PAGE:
Martha Stewart makes it
look like the perfect centerpiece and according to Paula Deen it's almost as
easy as pie, but it can be one of the most challenging tasks of the holidays
and because of the way we in the South like to serve up the Thanksgiving staple
it can be a little dangerous too.
"It's very common throughout the wiregrass and the southeast is frying a turkey for Thanksgiving, it's very good but it can be very dangerous if you don't know exactly what you are doing," said Battalion Chief Chris Etheridge.
Etheridge said by following a few simple tips turkeys will be the only thing getting fried this holiday season.
Tip #1: Make sure the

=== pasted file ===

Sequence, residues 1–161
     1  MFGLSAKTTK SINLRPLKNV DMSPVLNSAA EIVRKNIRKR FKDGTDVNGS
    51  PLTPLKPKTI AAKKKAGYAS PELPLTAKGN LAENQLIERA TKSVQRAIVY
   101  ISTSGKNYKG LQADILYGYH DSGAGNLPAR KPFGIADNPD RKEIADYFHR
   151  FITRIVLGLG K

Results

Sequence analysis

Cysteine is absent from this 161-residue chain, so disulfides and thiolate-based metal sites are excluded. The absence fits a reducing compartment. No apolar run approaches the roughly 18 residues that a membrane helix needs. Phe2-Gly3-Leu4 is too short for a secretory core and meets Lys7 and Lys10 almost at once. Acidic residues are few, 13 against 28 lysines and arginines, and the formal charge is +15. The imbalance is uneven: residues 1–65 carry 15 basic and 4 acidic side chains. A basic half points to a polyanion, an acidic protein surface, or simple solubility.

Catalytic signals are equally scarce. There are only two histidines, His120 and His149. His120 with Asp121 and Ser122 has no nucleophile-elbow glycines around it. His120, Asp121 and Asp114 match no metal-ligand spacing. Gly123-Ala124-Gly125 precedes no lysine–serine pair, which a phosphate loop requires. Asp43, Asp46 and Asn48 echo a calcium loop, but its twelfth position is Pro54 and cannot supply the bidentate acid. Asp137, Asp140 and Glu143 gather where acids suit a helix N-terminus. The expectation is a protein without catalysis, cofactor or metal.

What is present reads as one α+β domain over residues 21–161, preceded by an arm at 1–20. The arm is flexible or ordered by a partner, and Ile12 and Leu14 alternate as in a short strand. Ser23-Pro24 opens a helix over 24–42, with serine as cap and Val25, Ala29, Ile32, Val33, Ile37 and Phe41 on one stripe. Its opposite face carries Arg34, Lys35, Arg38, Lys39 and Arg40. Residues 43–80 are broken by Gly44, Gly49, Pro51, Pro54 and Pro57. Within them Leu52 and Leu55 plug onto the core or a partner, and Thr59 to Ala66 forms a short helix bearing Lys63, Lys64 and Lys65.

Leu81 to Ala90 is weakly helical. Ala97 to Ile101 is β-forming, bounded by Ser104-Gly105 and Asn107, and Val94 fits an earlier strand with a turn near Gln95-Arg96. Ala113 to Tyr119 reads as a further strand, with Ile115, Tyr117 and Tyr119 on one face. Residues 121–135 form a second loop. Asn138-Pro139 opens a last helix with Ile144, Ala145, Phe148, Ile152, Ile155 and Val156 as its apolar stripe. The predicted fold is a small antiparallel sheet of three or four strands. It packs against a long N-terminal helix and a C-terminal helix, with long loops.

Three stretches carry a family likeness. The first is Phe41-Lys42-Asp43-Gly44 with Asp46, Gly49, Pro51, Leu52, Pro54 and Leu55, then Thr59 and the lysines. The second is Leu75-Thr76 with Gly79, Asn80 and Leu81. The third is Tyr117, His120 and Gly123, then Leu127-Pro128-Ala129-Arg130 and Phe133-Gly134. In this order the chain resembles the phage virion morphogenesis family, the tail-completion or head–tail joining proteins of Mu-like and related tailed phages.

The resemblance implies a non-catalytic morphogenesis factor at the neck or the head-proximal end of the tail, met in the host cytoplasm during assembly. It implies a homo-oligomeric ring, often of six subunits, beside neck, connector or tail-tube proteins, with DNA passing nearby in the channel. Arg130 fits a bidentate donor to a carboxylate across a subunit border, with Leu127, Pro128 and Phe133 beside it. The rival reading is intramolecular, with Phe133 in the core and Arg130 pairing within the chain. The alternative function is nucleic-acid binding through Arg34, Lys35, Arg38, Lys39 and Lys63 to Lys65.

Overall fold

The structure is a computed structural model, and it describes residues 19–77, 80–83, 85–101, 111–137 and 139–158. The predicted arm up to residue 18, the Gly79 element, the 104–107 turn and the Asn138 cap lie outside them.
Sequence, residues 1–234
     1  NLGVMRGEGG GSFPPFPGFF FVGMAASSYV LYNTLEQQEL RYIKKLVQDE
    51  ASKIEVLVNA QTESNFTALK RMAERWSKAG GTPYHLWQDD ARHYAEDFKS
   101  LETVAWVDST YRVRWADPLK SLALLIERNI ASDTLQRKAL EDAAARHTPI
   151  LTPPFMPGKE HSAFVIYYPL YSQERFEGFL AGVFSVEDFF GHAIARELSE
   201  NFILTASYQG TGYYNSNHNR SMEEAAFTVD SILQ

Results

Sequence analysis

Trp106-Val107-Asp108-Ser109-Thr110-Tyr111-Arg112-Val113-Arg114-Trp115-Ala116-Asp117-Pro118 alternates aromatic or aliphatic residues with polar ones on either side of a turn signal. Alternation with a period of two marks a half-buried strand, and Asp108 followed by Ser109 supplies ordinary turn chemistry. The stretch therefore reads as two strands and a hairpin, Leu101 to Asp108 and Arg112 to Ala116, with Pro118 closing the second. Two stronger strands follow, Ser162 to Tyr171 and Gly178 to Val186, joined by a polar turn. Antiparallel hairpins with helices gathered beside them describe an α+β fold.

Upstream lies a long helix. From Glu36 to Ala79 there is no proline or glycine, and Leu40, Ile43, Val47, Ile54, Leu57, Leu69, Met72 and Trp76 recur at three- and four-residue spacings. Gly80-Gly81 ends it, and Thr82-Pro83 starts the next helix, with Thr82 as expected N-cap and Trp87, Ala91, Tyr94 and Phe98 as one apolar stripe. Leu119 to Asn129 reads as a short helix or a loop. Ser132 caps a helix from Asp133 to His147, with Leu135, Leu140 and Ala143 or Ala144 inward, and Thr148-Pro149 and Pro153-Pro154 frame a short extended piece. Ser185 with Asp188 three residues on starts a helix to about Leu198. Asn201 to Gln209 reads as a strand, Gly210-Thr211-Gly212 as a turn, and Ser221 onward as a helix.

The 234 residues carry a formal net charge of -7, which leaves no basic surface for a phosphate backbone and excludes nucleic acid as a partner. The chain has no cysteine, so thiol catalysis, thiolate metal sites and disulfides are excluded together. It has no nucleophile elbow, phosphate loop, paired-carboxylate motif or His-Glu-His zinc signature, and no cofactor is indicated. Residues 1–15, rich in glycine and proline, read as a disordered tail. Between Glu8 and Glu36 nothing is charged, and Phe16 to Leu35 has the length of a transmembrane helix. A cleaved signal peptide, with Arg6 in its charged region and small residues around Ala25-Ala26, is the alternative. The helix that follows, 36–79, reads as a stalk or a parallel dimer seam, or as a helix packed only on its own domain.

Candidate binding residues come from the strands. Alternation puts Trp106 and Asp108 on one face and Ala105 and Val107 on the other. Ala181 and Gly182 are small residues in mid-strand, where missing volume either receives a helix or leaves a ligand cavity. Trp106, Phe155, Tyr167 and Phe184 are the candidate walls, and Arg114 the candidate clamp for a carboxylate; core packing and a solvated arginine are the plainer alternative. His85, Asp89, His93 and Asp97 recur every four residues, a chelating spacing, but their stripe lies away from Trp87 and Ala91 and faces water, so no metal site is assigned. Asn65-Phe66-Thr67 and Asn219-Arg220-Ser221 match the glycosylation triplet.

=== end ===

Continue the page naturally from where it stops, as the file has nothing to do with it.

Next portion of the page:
turkey is completely thawed--any amount of ice or water left on the turkey can
cause a large fire once it hits the grease.
Tip #2: Do this outdoors--Etheridge said this seems like common sense, but it is the most important thing to remember.
He advises to fry on a grassy area and as far away as possible from any wood surfaces or places where there are potential fire hazards.
The location of the frying isn't the only thing you have to take precautions with.
Tip #3: Make sure there isn't too much oil in the fryer.
Etheridge advises following these tips and you just might end up with the perfect Thanksgiving bird without calling the fire department.